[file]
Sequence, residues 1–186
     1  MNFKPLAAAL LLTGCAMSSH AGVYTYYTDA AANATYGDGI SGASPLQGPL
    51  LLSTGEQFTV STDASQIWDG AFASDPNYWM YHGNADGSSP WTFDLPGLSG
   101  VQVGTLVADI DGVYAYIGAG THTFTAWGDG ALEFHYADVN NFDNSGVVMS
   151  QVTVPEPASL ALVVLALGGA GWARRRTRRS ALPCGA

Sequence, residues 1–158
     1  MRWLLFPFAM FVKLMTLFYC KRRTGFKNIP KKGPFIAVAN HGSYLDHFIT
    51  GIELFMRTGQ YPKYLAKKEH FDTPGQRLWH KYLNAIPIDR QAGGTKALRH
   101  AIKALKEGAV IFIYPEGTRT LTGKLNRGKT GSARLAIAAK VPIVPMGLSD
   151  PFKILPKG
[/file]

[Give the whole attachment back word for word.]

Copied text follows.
Sequence, residues 1–186
     1  MNFKPLAAAL LLTGCAMSSH AGVYTYYTDA AANATYGDGI SGASPLQGPL
    51  LLSTGEQFTV STDASQIWDG AFASDPNYWM YHGNADGSSP WTFDLPGLSG
   101  VQVGTLVADI DGVYAYIGAG THTFTAWGDG ALEFHYADVN NFDNSGVVMS
   151  QVTVPEPASL ALVVLALGGA GWARRRTRRS ALPCGA

Sequence, residues 1–158
     1  MRWLLFPFAM FVKLMTLFYC KRRTGFKNIP KKGPFIAVAN HGSYLDHFIT
    51  GIELFMRTGQ YPKYLAKKEH FDTPGQRLWH KYLNAIPIDR QAGGTKALRH
   101  AIKALKEGAV IFIYPEGTRT LTGKLNRGKT GSARLAIAAK VPIVPMGLSD
   151  PFKILPKG